Kelpie Zed, truffle-snuffler

Zed*, at six years, was a happy, healthy companion dog living an easy life in a Triangle village. She loved her daily walks, chasing balls, chewing bones. But Zed was a dog without a job—until this past winter when her human, Elly*, saw a notice on the Cobargo Forum: ‘Truffle dogs required’.

Elly was intrigued. She knew that Zed was intelligent, obedient and learned new tasks and tricks quickly. Could truffle sniffing be an outlet for her? She booked an audition.

Truffles are fungi that grow underground on the roots of some trees. They are incredibly pungent and add a particular musky flavour to foods, so are held in high esteem in many cuisines. But, being rare, they are highly priced and will set you back upwards of a dollar a gram. Luckily, even the tiniest shaving of truffle will impart its flavour.

Farmer Fiona Kotvojs had planted 270 truffle-spore-inoculated oak and hazelnut trees on a hectare on her family’s Dignams Creek property in 2013. She’d been researching viable crops and discovered that truffles and their host trees form a symbiotic relationship that thrives in poorer soils like those in parts of our region. She spoke with other land-owners and arranged a truffle-growing workshop for interested members of the community.
‘It’s an off-season crop,’ she says. ‘Truffles ripen over winter. So I hope that, in time, there could be knock-on effects—boosts to hospitality and tourism in the region.’ As well as providing work for unemployed dogs …

So what does Fiona look for in a truffle-sniffing dog? A keen sense of smell?

‘Actually, all dogs have a keen sense of smell,’ she says. ‘What truffle farmers look for is a dog that likes to work and to play, the ability to learn new tasks happily and quickly, and the stamina to keep sniffing! Working dogs are best as they love to be useful.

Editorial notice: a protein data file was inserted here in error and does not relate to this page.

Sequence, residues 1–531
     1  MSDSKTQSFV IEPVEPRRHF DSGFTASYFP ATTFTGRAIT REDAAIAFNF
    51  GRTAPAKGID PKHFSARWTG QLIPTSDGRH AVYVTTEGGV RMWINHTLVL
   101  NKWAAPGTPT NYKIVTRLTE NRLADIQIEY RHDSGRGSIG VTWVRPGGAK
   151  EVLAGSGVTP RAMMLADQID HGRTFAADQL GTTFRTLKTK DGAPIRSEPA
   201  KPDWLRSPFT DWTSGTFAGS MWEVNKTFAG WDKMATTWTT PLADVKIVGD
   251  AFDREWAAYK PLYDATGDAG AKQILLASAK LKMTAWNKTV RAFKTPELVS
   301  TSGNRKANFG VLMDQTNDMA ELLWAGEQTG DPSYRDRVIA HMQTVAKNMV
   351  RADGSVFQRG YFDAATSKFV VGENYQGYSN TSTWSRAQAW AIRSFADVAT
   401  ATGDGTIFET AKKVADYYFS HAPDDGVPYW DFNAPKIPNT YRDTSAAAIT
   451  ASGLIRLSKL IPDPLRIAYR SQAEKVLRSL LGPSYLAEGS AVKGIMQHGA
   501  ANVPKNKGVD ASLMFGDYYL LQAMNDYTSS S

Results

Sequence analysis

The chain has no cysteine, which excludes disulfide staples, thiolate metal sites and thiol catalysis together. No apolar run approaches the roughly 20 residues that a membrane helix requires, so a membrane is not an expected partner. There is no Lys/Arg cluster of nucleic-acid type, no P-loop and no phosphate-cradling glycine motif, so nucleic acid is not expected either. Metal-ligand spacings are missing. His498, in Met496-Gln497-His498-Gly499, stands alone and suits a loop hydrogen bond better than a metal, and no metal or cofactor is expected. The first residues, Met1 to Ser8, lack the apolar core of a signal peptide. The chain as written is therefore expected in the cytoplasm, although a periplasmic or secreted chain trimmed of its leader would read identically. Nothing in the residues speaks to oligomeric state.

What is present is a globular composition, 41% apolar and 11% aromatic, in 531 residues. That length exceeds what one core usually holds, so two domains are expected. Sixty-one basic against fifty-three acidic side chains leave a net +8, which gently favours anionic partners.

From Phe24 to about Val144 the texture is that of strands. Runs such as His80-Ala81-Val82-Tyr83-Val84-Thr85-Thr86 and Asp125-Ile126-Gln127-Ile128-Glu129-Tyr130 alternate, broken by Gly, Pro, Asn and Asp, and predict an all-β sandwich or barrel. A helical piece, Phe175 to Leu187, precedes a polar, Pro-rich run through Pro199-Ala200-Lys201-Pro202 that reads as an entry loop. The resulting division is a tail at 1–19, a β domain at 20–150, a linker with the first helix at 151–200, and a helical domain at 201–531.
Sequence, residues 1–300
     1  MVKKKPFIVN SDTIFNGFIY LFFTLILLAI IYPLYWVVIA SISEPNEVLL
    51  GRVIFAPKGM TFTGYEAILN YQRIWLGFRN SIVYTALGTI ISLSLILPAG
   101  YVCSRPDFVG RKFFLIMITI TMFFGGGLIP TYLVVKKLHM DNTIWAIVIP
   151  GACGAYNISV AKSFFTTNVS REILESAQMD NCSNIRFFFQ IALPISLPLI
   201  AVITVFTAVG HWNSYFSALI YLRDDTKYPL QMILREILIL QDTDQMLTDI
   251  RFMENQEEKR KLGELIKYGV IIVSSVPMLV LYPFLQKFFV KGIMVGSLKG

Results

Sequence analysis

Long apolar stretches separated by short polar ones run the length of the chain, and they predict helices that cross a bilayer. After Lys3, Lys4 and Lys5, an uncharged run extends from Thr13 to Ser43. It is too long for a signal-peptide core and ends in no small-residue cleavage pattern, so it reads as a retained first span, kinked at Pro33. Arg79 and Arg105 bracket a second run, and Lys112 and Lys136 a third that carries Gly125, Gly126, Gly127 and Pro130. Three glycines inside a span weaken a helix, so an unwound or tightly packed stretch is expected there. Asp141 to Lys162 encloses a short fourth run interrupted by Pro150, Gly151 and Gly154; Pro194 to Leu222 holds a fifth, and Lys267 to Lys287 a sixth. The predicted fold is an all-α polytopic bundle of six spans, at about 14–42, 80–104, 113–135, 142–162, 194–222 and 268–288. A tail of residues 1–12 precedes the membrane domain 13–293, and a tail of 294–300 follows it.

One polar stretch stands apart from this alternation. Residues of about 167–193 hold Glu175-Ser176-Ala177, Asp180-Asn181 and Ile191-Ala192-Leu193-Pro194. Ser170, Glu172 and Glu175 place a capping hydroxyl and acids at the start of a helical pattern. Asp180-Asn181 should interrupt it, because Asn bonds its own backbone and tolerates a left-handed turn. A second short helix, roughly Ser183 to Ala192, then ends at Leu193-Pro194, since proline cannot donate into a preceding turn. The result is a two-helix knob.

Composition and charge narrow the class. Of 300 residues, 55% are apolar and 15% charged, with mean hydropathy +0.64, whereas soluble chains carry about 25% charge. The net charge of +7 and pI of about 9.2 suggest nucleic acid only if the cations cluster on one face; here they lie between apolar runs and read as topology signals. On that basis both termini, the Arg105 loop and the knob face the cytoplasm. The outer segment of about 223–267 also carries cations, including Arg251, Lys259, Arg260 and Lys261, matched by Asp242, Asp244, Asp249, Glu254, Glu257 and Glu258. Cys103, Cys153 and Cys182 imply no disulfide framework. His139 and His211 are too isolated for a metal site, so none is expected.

‘The truffle-dog owner—the handler—is a key element here. I don’t train the dog, the owner does. They work as a team.’

Elly says, ‘I adopted Zed when she was three months old. An elderly gentleman had surrendered her to the Animal Welfare League. He loved her but—wisely—realised that his lifestyle wasn’t going to suit her. She needed training, exercise, engagement.

‘When we first met Fiona, I showed her Zed doing some tricks. That was our audition. Then I went home and Googled “truffle dog training”. There was a lot about training dogs to do other things, but nothing specific to truffles. So I invented a program, with a few tips from Fiona. She had given us a tiny vial of truffle essence, which I sealed in a screw-top jar with a bunch of cotton balls for a few days. Every time I opened my refrigerator I was hit by the aroma.

‘Then one day I took out a cotton ball, gave Zed a sniff, said, ‘Truffle!’ and gave her a treat. I did that a few times. It was a new game and Zed was up for it. Over the next six weeks I made the game more and more complex, ending up with the ‘truffle’ being buried ten centimetres deep in the garden, and making a great fuss of Zed when she found one.

‘The first time we visited Fiona’s truffle patch, Zed found a 170-gram truffle. That’s huge! She found some smaller ones too.’

Elly and Zed became regular visitors to Fiona’s truffle patch. ‘When Zed finds a truffle she pushes her nose to the ground, sniffs deeply and sits down and looks at me. Then Fiona and I scrape back the soil to check if the truffle is ripe.’ Fiona has been selling her harvest to local restaurants and keen domestic chefs.

So has Zed completed her training?

‘No, what we’re teaching her now is to discriminate between ripe and unripe truffles,’ says Elly. ‘In truffle development terms there’s only a few days’ difference, but she’s getting there.’

* Truffle dogs—and their handlers—are a valuable commodity! Identities have been disguised. Some names have been changed.

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